(Reuters) - Wells Fargo & Co (WFC.N) is pulling back from retail banking in the U.S. Midwest, selling all of its branches in three states, as the bank embarks on a broader review of branch profitability across the country.
Flagstar Bancorp Inc (FBC.N) said on Tuesday it would acquire 52 Wells Fargo branches in Indiana, Michigan, Ohio and Wisconsin for an undisclosed amount. The branches have about $2.3 billion in deposits and $130 million in loans.
Wells Fargo, the fourth-largest bank by assets in the United States, will no longer have a retail presence in Indiana, Michigan and Ohio once the deal closes, spokeswoman Bridget Braxton said. It will continue to operate 48 branches in Wisconsin, as well as its commercial banking, wealth management, and retail brokerage business across the region.
The transaction is part of a strategy management laid out at San Francisco-based Wells Fargo’s investor day last month, involving the sale or closure of 800 branches by 2020.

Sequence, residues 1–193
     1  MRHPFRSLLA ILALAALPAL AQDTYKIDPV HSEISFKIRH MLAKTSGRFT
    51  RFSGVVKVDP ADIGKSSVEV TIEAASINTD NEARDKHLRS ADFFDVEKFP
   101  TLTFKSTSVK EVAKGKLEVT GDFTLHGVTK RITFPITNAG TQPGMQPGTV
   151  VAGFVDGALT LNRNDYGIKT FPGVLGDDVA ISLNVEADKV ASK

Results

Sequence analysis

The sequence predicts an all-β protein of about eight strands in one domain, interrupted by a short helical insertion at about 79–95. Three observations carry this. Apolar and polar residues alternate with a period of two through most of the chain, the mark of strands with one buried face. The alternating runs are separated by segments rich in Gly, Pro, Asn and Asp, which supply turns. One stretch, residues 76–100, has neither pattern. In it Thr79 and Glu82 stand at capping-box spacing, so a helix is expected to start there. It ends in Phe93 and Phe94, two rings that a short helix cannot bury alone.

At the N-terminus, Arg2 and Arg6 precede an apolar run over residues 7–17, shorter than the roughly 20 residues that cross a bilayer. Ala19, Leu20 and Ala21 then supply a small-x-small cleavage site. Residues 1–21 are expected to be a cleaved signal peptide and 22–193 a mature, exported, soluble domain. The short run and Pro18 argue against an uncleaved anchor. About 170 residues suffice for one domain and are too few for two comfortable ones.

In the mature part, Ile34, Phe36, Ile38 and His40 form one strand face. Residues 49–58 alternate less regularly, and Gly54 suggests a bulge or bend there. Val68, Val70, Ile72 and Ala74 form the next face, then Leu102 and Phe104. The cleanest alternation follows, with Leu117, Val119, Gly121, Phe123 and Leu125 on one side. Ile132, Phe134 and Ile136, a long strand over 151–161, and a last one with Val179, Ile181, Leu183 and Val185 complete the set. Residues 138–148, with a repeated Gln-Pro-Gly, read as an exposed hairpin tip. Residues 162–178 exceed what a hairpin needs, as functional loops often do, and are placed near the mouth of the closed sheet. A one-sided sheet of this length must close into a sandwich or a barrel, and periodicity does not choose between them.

The bank is working to make its operation more efficient and profitable in response to investor demands while also tackling legal and regulatory issues stemming from a sales scandal that erupted from its retail banking business in 2016.
Wells Fargo is targeting branches with slower-than-expected loan or deposit growth, as well as regions where it does not have enough market share to be competitive. For instance, its portion of deposits in Indiana’s Allen County, which includes Fort Wayne, fell to 29 percent in 2017 from 35 percent in 2016.
“We simply don’t have a major retail banking presence in Indiana, Michigan, Ohio and parts of Wisconsin,” Braxton said. “The prospect for growth in markets where we don’t have retail banking density drove this decision.”
Troy, Michigan-based Flagstar views the branches a little differently. Its news release on the deal highlighted that the branches it is acquiring have No. 1 market share position in Fort Wayne, as well as the Upper Peninsula of Michigan, and that the deal will double its customer base and provide an important source of liquidity.
“This was an opportunity not to be missed, not only to change our balance sheet, but to fundamentally change who we are,” Flagstar Chief Executive Officer Alessandro DiNello said on a call with analysts.
As Wells Fargo proceeds with the branch review, it may not be difficult to find other regional or community banks eager to buy branches for growth.
Reporting by Imani Moise in New York; Editing by Lauren Tara LaCapra and Will Dunham